When Hurricane Harvey hit Houston in 2017, the city’s tree population was devastated, with thousands uprooted. Houston neighborhoods not only lost a beautiful part of their community but an important aspect of their local ecosystems. 

Fortunately, Houstonian volunteers were ready to rebuild their city’s “living infrastructure.” Trees for Houston, founded in 1983 after Hurricane Alicia, got to work planting hundreds of trees along the Buffalo and White Oak bayous. People helped with maintenance and repairs, including planting trees. It was a success story rooted in an environmental movement that began years beforehand.

Trees for Houston initially began with “ten to twelve lawyers who would meet every month and…would talk about planting street trees,” according to founding member Carroll Shaddock.

Now, Trees for Houston leverages private donations and hundreds of volunteers in the Houston community to plant trees across the area. Since its founding in 1983, Trees for Houston and its volunteers have planted more than 600,000 trees. Coca-Cola Southwest Beverages worked with the Texas Trees Foundation on the NeighborWoods program and Trees for Houston in assisting reforesting efforts in the Travis County watershed. 

Other volunteer initiatives have taken root across the state to help provide trees to communities in need. In the Dallas-Fort Worth metroplex, Texas Trees Foundation began planting trees in 1989 to help “preserve, beautify and expand parks and other public natural green spaces, and …to beautify our public streets.” Today, the organization plants thousands of trees a year on public property in North Texas.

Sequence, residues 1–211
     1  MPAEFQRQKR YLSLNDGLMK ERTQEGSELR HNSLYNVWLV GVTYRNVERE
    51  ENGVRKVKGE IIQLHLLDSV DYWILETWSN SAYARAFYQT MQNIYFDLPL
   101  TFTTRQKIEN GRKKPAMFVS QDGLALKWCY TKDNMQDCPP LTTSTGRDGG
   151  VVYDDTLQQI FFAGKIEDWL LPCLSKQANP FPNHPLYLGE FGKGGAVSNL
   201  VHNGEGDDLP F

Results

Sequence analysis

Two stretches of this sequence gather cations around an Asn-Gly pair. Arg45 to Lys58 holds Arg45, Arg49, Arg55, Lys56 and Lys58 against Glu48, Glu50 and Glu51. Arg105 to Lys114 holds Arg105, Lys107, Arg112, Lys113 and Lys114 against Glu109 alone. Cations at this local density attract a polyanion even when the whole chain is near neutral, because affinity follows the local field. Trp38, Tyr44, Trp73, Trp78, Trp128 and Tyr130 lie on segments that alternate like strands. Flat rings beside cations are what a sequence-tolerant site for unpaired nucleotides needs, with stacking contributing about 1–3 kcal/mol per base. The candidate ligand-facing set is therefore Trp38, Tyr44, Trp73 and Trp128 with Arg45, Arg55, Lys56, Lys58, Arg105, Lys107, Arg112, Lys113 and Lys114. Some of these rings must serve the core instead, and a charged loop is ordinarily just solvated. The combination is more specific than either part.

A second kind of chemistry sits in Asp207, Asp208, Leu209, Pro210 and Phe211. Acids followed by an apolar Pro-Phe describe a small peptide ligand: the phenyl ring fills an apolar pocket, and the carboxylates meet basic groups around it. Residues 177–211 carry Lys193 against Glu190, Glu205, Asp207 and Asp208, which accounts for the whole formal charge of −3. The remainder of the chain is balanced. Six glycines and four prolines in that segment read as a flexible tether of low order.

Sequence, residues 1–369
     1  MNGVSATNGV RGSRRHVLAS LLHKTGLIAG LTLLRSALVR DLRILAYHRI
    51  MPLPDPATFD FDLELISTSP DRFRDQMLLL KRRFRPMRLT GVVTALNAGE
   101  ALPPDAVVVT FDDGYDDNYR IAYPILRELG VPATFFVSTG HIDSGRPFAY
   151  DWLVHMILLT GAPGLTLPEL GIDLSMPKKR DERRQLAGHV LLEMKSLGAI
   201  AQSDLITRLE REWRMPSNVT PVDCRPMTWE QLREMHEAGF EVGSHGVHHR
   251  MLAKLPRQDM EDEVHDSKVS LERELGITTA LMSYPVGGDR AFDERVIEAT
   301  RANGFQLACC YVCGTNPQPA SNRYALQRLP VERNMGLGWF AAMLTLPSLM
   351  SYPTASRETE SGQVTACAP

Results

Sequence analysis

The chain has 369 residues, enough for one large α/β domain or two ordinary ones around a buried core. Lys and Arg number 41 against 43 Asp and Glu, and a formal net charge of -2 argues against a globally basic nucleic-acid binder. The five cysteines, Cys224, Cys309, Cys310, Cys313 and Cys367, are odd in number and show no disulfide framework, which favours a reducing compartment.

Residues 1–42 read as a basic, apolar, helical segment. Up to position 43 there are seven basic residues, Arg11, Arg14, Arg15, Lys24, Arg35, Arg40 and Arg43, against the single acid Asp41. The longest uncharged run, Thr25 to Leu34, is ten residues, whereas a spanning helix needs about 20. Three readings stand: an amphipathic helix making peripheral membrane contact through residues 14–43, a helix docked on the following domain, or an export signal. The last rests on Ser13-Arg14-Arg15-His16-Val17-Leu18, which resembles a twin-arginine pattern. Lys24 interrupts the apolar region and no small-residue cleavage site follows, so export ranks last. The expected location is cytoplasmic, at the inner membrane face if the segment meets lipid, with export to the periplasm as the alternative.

When Dallas’ Southwestern Medical District determined it needed a healthier environment to surround its hospitals, the district approached the Texas Trees Foundation to lead the initiative and construct a 10-acre park for patients, families and employees through a central corridor.

When discussing the project, Texas Trees’ Executive Director Janette Monear wanted to think bigger. “I’m really hoping that we can bring a new vision of how we create our cities, because that is our legacy that we leave,” she said.

Dallas is a good example. The fast-growing city has very little greenery, and no forestry division until 2017

The city recently adopted an urban foreign master plan, and Texas Trees is poised to play a critical role in providing shade and restoring greenery to the community. The foundation’s NeighborWoods program looks to increase plant life in the city by working directly with individuals, homeowner associations and neighborhood organizations. 

The entire state stands to benefit from these efforts, and businesses small and large play a role in supporting green spaces in Texas. 

As Texas and the country continue to tackle environmental challenges, the work of tree-planting organizations, community volunteers and business partners is more important than ever to ensure healthy and safe communities with shade, clean air and thriving ecosystems for generations to come.